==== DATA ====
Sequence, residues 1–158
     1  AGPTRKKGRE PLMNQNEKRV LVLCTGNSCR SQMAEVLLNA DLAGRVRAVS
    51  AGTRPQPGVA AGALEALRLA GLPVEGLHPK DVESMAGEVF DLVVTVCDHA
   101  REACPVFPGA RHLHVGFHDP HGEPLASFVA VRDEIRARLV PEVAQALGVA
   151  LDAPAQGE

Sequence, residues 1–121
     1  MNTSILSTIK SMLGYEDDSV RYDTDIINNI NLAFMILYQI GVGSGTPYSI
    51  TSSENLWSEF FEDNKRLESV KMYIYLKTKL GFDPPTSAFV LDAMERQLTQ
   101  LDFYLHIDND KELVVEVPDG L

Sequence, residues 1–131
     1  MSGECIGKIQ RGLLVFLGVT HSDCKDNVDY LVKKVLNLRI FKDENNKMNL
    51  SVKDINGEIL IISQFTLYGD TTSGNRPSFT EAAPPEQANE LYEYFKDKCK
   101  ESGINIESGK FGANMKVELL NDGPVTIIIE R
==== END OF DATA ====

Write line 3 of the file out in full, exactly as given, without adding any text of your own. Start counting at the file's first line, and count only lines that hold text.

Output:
    51  AGTRPQPGVA AGALEALRLA GLPVEGLHPK DVESMAGEVF DLVVTVCDHA